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Nortel Poaches Juniper Strategist

Nortel Networks Ltd. announced another addition to its new-look management team this morning with the appointment of George Riedel as Chief Strategy Officer. (See Nortel Names Strategy Chief).

Riedel, who "will be responsible for leading the Company's corporate strategy including business development and mergers and acquisitions," according to Nortel, joins from Juniper Networks Inc. (NYSE: JNPR), where he was vice president, strategy and corporate development. Previously, he was with McKinsey & Co.

Riedel's role at Juniper has been taken by Spencer Greene, who has been at the company for six years. (See Juniper Names New Execs.)

Nortel's Chief Strategy Officer (CSO) position has been vacant since the previous CSO, Dion Joannou, was appointed as president, North America, in a management reshuffle last September. (See Nortel Reorganizes Again .)

Nortel declined to comment on whether identifying potential acquisition targets will be top of Riedel's "Things To Do First" list.

Riedel is the latest in a series of high-ranking appointments made by Nortel CEO Mike Zafirovski since he took the helm last November. (See Nortel Appoints New CEO , Nortel Appoints CPO, Nortel Appoints EVP, Nortel's New Faces Face Tough Task, Nortel's Clent Came & Went, Nortel Hires Legal Eagle, Nortel Hires Quality SVP, and McFadden, Spradley out at Nortel.)

A couple of Zafirovski's new hires have been from one of his former employers, General Electric Co. (NYSE: GE), but under the conditions of his own appointment the new CEO can't poach any of his former Motorola Inc. (NYSE: MOT) colleagues. (See Nortel, Moto Settle on Zafirovski .)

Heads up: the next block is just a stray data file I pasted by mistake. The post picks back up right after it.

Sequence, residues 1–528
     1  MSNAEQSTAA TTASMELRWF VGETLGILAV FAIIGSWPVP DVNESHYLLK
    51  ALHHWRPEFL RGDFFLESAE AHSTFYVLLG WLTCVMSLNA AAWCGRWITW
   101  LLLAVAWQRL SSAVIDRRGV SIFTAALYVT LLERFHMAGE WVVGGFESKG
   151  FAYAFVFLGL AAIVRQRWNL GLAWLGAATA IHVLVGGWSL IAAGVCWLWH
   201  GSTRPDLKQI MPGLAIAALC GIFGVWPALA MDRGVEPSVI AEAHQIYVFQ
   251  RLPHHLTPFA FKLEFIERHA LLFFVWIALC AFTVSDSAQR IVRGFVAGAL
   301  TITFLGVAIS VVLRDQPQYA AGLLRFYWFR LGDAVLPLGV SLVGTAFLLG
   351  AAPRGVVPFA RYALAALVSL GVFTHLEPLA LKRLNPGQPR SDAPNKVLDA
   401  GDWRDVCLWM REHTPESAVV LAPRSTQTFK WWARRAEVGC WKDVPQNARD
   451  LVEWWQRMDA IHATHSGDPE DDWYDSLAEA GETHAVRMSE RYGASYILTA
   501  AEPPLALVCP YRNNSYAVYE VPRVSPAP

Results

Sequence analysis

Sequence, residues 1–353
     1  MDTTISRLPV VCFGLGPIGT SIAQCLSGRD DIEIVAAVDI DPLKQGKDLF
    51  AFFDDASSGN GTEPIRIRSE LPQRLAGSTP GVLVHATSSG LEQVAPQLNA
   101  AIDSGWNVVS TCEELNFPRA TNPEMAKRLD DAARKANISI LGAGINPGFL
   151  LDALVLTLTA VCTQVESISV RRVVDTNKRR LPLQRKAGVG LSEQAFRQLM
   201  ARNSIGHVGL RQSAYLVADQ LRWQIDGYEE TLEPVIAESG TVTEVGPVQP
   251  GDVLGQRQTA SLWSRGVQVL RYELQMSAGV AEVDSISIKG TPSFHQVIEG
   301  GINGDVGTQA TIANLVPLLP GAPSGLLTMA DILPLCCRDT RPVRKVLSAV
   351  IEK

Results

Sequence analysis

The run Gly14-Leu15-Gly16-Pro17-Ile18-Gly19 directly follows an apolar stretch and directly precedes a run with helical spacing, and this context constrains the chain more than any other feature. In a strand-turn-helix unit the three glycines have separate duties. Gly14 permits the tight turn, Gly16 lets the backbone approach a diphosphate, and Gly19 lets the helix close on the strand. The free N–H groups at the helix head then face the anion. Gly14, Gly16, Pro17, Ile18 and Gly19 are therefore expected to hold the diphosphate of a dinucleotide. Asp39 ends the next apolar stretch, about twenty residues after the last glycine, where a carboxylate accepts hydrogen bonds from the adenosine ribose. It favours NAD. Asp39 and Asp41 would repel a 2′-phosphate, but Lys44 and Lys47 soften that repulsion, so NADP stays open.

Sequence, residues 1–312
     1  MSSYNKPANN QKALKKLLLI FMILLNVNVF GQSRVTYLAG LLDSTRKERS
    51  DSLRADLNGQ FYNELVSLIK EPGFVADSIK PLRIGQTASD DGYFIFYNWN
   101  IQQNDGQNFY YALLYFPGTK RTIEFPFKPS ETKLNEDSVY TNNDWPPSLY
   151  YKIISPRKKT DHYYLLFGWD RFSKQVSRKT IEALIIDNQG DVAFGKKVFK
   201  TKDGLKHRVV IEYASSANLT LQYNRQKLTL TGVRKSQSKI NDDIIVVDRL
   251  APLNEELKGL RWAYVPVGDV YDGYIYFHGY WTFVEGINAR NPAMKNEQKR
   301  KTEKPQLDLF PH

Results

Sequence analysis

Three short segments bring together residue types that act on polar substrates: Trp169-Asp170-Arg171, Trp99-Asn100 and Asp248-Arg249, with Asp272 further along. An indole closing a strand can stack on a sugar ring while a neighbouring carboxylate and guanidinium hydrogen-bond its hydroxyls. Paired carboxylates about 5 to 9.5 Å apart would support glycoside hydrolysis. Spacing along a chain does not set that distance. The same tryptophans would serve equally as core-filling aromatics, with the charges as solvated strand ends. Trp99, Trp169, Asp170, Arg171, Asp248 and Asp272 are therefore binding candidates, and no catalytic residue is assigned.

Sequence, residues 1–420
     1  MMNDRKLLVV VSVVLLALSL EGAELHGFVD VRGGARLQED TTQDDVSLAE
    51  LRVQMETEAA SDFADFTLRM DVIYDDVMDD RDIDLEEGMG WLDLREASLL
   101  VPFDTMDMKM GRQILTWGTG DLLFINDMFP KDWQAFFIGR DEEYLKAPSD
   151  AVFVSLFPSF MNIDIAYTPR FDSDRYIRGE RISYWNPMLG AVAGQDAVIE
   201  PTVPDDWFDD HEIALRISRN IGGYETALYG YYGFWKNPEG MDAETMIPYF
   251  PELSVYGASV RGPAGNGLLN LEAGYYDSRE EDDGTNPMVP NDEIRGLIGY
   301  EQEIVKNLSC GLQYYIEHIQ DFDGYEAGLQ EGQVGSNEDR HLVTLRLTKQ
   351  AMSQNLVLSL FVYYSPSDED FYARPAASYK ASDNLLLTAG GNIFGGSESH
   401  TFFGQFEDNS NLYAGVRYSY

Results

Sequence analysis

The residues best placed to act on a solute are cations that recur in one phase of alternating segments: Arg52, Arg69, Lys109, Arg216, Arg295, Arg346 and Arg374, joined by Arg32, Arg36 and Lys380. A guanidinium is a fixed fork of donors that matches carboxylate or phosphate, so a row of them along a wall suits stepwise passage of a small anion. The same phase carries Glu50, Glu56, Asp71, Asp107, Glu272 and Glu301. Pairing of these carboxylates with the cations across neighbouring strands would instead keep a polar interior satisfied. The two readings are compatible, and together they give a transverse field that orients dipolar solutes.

It hasn't just been Nortel's appointments that have captured attention since Zafirovski took over. During the past three months the company has made an acquisition, forged a major broadband alliance, and announced a monster payout to settle outstanding lawsuits. (See Nortel Takes $2.5B Hit, Nortel & Huawei: Broadband Buddies, and Nortel Takes Tasman for $100M.)

The vendor has also been subjected to public criticism by some of its vendor partners. (See ECI: Nortel Didn't Deliver and Avici Downsizes to Survive.)

— Ray Le Maistre, International News Editor, Light Reading

No-tell 12/5/2012 | 4:05:22 AM
re: Nortel Poaches Juniper Strategist Nortel has to do more house cleaning and business selling before they can do many acquisitions.

They can't really buy other companies with NT stock because, since the stock is valued so lowly, they would have to give up a rather large percentage of the company to the stockholders of the acquired company. And their stock isn't terribly attractive because there are still plenty of concerns about the viability of the company--remember, they've only announced a settlement of shareholder suits, they haven't actually reached a settlement. And they can't afford to spend a lot of cash because (a) they aren't generating any cash and (b) they have to save a lot of cash for the big shareholder settlement they announced.

So they have to have more cash to buy companies. They can do so by streamlining or by selling businesses. But I know from experience that selling parts of Nortel isn't easy: the company isn't set up as a bunch of autonomous, easily divided businesses--everything is intertwined, from finance systems, IT, outsourcing contracts, supply chain, you name it. Plus, if Nortel as a whole isn't very valuable, then little pieces of it certainly aren't very valuable and therefore will not be able to provide lots of cash.

Expect only small deals from Nortel for some time because they can't afford anything else.
futureisbright 12/5/2012 | 4:05:31 AM
re: Nortel Poaches Juniper Strategist "Nortel declined to comment on whether identifying potential acquisition targets will be top of Riedel's "Things To Do First" list."

But of course. That's part and parcel of the GE Model: 1) identify and keep those businesses that are number one or two in their segments, or have the portential to get there; 2) get rid of the others; 3)reinforce the formers with strategic acquisitions.

One of the key characteristics of the network equipment biz is that you need a whole bunch of gizmos to make solutions.

So, from a GE portfolio model standpoint, do you want to be number one or two in a gizmo segment, or in a solution segment?

Cheers
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